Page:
2. Turn the blender off and push the product down with a rubber/silicon spatula and process again if needed. It is important to chop the cilantro stems in smaller pieces so they do not get caught in the blades. While the cilantro stems are tender and you can use them, the mint stalks are tough and should be discarded. I always scrape out as much of the chutney as I can and then take a tiny bit of water to pull the rest out from the jug and lid. (I hate wasting any of it.) This, you can add to your chutney or you can pour into a glass and drink as flavored water.
My recipe above is just one variation of green chutney - the way my mother made it growing up in our home. I did use double the amount of water then some other recipes, but I found it was a good move. It let me process the chutney more easily without it getting too watery. If you prefer less water, just process your product a few times to get it to that smoother consistency by stopping and pushing the product down into the jug a few times. Some replace the lemon juice with vinegar, which has a sharper taste profile and why I stuck with lemon juice. In restaurants, you may notice the chutney seems creamier or a lot more watery. Some add a few tablespoons of plain, unsweetened yogurt, or even more water. Some also add a tomato. We don't do any of that in our household, but it's always fun to experiment. You can also add a half green apple, a green mango, or a piece of green papaya, for a slightly tart taste.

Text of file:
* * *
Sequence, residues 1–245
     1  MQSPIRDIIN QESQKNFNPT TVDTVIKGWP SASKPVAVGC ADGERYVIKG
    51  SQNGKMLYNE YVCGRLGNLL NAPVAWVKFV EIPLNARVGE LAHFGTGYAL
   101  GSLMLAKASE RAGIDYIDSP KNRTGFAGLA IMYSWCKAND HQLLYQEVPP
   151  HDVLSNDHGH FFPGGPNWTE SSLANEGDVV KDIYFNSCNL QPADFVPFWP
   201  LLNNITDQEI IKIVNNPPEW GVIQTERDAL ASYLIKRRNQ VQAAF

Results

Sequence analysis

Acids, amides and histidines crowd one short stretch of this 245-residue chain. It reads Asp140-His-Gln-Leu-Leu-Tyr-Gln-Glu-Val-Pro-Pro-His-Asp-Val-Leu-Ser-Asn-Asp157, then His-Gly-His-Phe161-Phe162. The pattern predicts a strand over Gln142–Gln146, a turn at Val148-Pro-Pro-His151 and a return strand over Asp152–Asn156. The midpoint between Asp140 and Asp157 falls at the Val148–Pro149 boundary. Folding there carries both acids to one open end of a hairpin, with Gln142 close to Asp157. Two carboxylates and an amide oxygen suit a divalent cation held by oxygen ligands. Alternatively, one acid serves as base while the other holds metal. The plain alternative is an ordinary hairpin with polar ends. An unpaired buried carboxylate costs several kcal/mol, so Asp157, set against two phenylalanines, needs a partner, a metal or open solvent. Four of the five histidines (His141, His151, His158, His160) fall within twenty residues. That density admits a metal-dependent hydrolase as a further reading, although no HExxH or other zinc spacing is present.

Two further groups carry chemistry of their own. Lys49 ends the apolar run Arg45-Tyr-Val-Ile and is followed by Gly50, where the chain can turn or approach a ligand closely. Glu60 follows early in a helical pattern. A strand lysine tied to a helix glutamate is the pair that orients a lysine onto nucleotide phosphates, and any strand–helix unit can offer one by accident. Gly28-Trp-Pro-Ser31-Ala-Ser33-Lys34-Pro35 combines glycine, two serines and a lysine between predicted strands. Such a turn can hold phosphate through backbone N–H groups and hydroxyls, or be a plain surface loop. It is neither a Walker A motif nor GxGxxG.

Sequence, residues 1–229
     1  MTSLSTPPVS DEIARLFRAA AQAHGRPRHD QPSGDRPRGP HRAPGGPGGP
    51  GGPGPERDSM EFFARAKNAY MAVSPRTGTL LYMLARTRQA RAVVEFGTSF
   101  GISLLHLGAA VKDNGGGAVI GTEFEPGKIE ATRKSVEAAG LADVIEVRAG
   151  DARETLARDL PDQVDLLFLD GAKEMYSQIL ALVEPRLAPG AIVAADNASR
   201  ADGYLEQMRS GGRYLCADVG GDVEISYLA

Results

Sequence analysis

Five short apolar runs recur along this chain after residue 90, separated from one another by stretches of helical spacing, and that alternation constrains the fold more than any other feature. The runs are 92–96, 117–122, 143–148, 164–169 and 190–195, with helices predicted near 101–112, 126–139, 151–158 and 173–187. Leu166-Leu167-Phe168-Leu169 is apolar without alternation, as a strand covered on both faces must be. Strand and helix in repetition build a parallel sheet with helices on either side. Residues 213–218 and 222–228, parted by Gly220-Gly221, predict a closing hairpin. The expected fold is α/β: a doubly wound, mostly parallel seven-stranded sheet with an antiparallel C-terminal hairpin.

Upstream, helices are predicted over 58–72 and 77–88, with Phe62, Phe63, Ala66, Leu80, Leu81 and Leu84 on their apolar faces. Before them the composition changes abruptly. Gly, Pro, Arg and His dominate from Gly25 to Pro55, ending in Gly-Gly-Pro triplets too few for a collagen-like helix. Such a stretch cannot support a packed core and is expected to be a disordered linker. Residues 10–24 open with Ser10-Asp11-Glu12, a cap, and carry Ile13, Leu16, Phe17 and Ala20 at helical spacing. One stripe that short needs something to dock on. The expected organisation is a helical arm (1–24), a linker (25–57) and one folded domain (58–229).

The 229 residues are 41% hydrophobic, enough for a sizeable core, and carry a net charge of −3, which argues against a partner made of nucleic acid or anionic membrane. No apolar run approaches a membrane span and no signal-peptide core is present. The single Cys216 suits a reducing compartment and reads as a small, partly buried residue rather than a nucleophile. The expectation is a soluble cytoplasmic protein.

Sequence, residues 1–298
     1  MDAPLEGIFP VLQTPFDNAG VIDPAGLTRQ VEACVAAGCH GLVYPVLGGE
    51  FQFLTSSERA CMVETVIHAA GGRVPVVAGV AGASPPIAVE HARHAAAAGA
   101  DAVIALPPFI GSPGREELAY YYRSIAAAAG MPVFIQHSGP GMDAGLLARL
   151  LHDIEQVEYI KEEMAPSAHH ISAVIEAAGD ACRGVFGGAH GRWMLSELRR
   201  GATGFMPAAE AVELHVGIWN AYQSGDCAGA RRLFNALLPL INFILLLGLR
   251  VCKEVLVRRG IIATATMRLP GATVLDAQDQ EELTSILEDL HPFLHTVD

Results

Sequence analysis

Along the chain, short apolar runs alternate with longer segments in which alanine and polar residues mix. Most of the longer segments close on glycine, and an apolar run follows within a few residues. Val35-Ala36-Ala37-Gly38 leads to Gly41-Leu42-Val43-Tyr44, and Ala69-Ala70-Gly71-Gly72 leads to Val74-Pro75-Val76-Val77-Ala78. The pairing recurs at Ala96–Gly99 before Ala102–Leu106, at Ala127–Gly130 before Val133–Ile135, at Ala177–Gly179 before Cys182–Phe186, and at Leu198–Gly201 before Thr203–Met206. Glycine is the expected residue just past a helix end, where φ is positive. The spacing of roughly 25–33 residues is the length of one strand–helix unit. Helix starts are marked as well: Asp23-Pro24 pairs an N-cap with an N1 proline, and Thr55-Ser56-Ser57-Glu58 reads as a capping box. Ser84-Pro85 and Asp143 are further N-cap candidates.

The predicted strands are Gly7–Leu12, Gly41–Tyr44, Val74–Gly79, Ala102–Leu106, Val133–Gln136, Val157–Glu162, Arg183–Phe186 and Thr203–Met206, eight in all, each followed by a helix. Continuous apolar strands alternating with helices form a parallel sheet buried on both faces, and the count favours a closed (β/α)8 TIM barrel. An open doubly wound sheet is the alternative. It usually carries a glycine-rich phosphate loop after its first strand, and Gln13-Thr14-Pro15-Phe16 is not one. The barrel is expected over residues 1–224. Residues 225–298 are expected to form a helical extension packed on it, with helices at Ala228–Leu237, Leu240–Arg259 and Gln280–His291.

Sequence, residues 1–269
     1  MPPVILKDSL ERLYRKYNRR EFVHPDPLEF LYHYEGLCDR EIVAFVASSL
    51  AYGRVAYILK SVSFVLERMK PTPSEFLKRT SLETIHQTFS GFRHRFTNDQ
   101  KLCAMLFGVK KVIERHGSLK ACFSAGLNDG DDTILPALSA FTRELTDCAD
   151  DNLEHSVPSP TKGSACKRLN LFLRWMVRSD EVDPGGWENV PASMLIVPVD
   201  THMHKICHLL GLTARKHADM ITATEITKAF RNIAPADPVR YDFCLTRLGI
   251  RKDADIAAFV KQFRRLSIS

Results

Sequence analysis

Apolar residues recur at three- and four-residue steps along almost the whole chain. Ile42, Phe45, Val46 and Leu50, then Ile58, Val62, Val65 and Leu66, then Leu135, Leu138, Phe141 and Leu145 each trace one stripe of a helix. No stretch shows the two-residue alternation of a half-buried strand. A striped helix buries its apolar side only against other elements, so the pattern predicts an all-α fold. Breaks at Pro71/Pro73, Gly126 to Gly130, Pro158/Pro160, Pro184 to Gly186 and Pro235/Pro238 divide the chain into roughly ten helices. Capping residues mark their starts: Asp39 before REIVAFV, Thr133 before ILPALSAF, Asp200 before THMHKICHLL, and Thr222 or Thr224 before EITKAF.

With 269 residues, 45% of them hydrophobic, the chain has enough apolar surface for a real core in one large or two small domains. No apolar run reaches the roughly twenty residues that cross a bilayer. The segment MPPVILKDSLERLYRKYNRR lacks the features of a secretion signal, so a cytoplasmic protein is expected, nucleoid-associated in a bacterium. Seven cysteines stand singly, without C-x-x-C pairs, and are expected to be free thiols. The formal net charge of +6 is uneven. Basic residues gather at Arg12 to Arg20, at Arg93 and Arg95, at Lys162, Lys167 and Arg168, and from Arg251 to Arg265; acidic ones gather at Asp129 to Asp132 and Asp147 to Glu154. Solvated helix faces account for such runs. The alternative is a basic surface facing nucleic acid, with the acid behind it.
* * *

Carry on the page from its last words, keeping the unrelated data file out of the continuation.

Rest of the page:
1. On the side of a North Indian meal. Place a small dollop on the side of your plate, and as you mix your rice and curry and/or bread, add a little bit of chutney for extra flavor.
2. As a dip for fried snacks like samosas and pakora. Or, use it with fries, egg rolls, or even on a fried egg.
3. As an extra flavor punch for curries, soups, and rice. Just add a dollop to a dal or curry before serving. Or, add it to your rice for a delicious quick meal.
4. Spread on Indian bread like freshly-fried puri, naan, roti, or paratha.
5. On buttered bread or a cracker with sliced tomato, avocado, and cucumbers. As a splurge, I like layering chutney on a low carb cracker with cream cheese.
6. As a topping on boiled eggs.
7. As a topping for a burger - meat or vegetarian.
8. With meat - as a dip for grilled chicken, lamb, or a steak. Or slathered ahead of serving.
9. On corn on the cob with a little butter.
10. As an oil-free salad dressing mixed into legumes, veggies, and quinoa.
Find the recipe in my books: Turn to page 41 in 'Indian For Everyone', where I give you a straight mint chutney or page 220 in 'Vegan Indian Cooking'. Don't have my books? Why not? Hop onto Amazon any time and get your own gateway to homestyle Indian.
Watch me make it!
Do anything different with your chutney? I'd love to hear about it in the comments section below.